Core Java

Extending abstract classes with abstract classes in Java

The example issue

When I was creating the Java::Geci abstract class AbstractFieldsGenerator and AbstractFilteredFieldsGenerator I faced a not too complex design issue. I would like to emphasize that this issue and the design may seem obvious for some of you, but during my recent conversation with a junior developer (my son, Mihály specifically, who also reviews my articles because his English is way better than mine) I realized that this topic may still be of value.

Anyway. I had these two classes, fields and filtered fields generator. The second class extends the first one

abstract class AbstractFilteredFieldsGenerator
                  extends AbstractFieldsGenerator {...

adding extra functionality and the same time it should provide the same signature for concrete implementation. What does it mean?

These generators help to generate code for a specific class using reflection. Therefore the input information they work on is a Class object. The fields generator class has an abstract method process(), which is invoked for every field. It is invoked from an implemented method that loops over the fields and does the invocation separately for each. When a concrete class extends AbstractFieldsGenerator and thus implements this abstract method then it will be called. When the same concrete class is changed so that it extends AbstractFilteredFieldsGenerator then the concrete method will be invoked only for the filtered method. I wanted a design so that the ONLY change that was needed in the concrete class is to change the name.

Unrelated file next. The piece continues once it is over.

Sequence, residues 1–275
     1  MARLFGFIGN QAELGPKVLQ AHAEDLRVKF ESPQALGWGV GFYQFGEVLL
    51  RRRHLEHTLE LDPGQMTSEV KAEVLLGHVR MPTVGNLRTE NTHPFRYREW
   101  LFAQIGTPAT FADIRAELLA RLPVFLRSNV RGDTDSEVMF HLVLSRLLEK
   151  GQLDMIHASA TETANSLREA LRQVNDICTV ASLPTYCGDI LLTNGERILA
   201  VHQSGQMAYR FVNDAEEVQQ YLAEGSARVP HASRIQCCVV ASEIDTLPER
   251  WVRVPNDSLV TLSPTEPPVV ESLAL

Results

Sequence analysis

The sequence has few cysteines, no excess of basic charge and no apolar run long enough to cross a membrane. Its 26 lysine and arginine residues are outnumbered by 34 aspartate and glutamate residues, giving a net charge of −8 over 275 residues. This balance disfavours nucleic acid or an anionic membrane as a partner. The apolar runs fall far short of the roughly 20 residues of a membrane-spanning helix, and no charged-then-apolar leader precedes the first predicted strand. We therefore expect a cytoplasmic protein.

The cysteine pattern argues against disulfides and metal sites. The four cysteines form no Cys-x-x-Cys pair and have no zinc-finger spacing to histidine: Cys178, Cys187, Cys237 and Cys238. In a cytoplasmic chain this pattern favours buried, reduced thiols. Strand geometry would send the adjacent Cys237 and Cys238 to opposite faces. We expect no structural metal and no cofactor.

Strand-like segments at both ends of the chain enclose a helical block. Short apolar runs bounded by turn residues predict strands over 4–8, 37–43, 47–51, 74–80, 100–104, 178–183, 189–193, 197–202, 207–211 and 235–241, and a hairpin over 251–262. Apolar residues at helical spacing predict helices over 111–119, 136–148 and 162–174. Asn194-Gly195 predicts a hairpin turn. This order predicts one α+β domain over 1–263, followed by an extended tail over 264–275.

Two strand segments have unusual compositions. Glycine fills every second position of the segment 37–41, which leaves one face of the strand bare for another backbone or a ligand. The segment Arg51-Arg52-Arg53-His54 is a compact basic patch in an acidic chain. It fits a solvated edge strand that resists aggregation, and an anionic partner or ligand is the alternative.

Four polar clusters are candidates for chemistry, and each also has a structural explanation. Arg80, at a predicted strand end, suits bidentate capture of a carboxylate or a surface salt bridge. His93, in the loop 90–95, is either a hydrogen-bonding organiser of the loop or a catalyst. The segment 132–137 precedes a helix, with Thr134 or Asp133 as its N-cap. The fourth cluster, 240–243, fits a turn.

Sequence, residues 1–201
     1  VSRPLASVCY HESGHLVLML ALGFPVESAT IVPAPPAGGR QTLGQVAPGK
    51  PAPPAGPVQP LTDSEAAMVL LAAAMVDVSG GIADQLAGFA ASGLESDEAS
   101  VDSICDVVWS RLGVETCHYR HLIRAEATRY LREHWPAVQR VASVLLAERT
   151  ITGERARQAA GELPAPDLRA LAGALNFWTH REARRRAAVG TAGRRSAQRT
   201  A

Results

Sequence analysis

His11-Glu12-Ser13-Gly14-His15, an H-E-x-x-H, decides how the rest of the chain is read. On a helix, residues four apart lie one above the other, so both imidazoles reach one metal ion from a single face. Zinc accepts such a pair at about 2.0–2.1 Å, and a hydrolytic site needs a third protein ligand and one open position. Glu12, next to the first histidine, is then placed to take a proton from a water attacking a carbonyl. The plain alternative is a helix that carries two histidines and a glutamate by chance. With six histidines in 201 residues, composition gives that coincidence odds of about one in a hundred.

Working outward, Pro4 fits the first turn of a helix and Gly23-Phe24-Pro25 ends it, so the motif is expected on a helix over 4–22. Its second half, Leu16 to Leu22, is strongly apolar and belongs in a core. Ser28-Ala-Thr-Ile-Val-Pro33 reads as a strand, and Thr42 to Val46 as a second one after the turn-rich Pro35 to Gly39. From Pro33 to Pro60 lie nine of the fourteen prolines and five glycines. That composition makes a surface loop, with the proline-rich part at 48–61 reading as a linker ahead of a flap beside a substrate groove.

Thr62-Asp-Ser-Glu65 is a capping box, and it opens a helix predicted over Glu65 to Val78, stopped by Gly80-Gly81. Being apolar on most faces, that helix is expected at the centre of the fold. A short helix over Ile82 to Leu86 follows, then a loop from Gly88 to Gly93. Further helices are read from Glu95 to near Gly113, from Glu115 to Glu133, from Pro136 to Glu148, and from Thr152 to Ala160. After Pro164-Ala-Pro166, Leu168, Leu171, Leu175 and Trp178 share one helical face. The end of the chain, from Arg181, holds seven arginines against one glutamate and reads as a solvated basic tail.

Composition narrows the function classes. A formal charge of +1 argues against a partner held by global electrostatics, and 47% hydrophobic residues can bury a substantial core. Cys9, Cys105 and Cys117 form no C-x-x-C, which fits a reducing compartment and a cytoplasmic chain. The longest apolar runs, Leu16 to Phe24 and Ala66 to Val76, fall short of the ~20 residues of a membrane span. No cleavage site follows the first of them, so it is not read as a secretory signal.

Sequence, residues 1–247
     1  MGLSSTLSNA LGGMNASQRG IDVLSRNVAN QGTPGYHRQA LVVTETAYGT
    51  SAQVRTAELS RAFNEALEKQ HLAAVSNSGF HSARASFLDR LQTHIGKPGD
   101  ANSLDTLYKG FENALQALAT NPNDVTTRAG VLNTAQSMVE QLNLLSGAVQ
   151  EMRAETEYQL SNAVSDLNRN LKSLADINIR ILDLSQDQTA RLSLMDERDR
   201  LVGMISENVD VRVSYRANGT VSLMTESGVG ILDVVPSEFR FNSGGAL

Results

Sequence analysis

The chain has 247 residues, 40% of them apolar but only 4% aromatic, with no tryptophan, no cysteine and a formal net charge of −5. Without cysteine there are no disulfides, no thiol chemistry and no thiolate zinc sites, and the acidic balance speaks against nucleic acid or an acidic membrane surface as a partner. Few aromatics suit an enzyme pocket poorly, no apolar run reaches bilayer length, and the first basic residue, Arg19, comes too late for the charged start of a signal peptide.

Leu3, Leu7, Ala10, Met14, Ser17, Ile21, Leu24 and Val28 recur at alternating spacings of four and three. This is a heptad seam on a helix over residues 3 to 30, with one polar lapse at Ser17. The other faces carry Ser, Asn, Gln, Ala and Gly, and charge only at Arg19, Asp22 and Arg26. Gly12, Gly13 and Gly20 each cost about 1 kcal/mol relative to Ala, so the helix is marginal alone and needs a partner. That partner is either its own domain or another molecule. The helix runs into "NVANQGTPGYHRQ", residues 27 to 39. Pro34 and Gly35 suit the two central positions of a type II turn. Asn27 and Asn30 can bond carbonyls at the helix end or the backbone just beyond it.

abstract classes

Abstract class problem definition

The same problem described in a more abstract way: There are two abstract classes A and F so that F extends A and F provides some extra functionality. Both declare the abstract method m() that a concrete class should implement. When the concrete class C declaration is changed from C extends A to C extends F then the invocation of the method m() should change, but there should be no other change in the class C. The method m() is invoked from method p() defined in class A. How to design F?

What is the problem with this?

Extending A can be done in two significantly different ways:

  • F overrides m() making it concrete implementing the extra functionality in m() and calls a new abstract method, say mx()
  • F overrides the method p() with a version that provides the extra functionality (filtering in the example above) and calls the still abstract method m()

The first approach does not fulfill the requirement that the signature to be implemented by the concrete class C should remain the same. The second approach throws the already implemented functionality of A to the garbage and reimplements it a bit different way. In practice this is possible, but it definitely is going to be some copy/paste programming. This is problematic, let me not explain why.

The root of the problem